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Giger counters: Franklin won’t make excuses for problems, but Lions clearly affected by many factors

Photo by Penn State

James Franklin didn’t try to make excuses. He tried to be honest and do so in a way that would not make a bad situation even worse.

I encourage every diehard Penn State fan to go listen to Franklin’s press conference Tuesday. Here it is, in its entirety:

Listen to it from your perspective as a fan.

Listen to it from Franklin’s perspective as a coach.

Listen to it from the perspective of the players and how they would perceive what’s being said.

Franklin repeatedly said he was going to “lead with love” rather than trashing his players, like some coaches around the country might do when things go bad.

When you do that — trying to answer tough questions without giving angry answers — it sometimes can sound like a coach is making excuses.

“I think the fine line for me as the head coach is, I never want to be a guy that comes up here and feels like I’m making excuses,” Franklin said. “I never want to do that with the media. I never want to do that with the fans. I never want to do that with the administration, the boosters the lettermen, anybody.

“Ultimately, we’re responsible for what we put out there on the field and everything that comes with that. And I’m responsible.”

As a fan, you want your pound of flesh. You want Franklin to admit to making terrible mistakes and point them out. You want him to light into the players for their terrible effort in Saturday’s 35-19 loss to Maryland.

You’re not going to get those things listening to Franklin talk for 40 minutes Tuesday.

Why?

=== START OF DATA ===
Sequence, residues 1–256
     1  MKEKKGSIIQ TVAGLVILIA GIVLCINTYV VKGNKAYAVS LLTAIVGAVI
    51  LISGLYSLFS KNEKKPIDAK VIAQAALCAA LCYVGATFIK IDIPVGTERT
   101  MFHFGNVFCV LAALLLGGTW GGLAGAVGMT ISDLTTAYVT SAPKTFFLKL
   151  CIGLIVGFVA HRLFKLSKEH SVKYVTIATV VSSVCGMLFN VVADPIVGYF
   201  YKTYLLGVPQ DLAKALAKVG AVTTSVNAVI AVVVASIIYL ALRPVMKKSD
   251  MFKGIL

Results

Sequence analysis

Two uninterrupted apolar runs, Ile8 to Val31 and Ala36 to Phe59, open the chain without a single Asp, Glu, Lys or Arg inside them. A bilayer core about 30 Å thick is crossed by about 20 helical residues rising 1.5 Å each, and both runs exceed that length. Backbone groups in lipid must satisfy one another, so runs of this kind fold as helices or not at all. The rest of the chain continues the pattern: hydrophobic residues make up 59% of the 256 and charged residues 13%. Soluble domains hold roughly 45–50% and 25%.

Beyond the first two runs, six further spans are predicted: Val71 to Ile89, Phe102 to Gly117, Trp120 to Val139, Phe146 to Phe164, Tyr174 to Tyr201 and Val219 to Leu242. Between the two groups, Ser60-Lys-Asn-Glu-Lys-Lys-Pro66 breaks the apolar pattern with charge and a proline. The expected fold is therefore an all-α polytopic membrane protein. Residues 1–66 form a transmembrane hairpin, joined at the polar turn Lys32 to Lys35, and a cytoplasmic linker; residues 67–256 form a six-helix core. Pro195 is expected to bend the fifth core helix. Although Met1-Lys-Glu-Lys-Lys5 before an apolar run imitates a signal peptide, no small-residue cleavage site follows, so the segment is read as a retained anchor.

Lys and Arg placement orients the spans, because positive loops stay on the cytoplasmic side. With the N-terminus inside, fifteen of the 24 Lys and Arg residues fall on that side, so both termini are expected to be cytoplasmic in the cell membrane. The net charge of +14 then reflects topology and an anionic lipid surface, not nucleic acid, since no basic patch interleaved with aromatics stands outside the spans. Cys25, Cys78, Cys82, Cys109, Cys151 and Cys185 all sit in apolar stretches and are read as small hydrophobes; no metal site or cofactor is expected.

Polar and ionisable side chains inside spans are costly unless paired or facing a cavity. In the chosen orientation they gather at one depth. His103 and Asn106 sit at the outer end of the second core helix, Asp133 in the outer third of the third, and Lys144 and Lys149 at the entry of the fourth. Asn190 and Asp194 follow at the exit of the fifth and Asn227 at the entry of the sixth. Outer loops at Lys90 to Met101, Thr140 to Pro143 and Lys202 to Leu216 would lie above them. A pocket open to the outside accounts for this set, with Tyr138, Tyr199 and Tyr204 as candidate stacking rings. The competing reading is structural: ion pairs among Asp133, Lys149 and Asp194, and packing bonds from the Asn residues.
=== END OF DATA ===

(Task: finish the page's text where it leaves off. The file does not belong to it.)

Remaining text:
Let’s say he rips some guys a new one, saying they’re being lazy or selfish or what have you. Does anyone really think that would do any good?

Yeah, you may want to hear that as a fan. You may want him to blame this guy or that guy or another guy for going rogue and doing his own thing, as was mentioned by Jahan Dotson and confirmed by Pat Freiermuth.

Surely, Franklin and the assistant coaches have seen examples of it. And they’ve seen them before, too, including …

“A lot of the things that the players are talking about, they show up during the week before wins,” Franklin said.

They just don’t get noticed or talked about at those times.

Everything in sports gets magnified when you lose. And when you get embarrassed as a four-touchdown favorite at home by a team you’ve destroyed in recent years, every little thing should and will be magnified even more.

Which is what’s happening right now.

Franklin was asked the very pertinent question of if there’s a culture problem within the program. The very essence behind that question is trying to get to the bottom of whether these problems are isolated to this crazy year and an 0-3 start, or if there are bigger concerns that are systemic and could lead to big issues in the future, as well.

Franklin, in one of several candid comments, answered the culture question in an interesting way.

“You can’t come in and pat the program on the back when you’re successful and use culture as a part of it, and not at least look at it and discuss it when times are challenging,” the coach said.

He later added, “I can’t come in and talk about the culture has led to all of our success over the last six years — and over the last four years the most success in the Big Ten era in Penn State football — and then when we have challenge not say that that’s part of it. It is. And we’ve got to take a hard look at all of it.”

Rest assured, that’s what this week and the coming weeks will focus on. Heavily.

Taking a hard look at the actions and words of every single person in the program — players and coaches.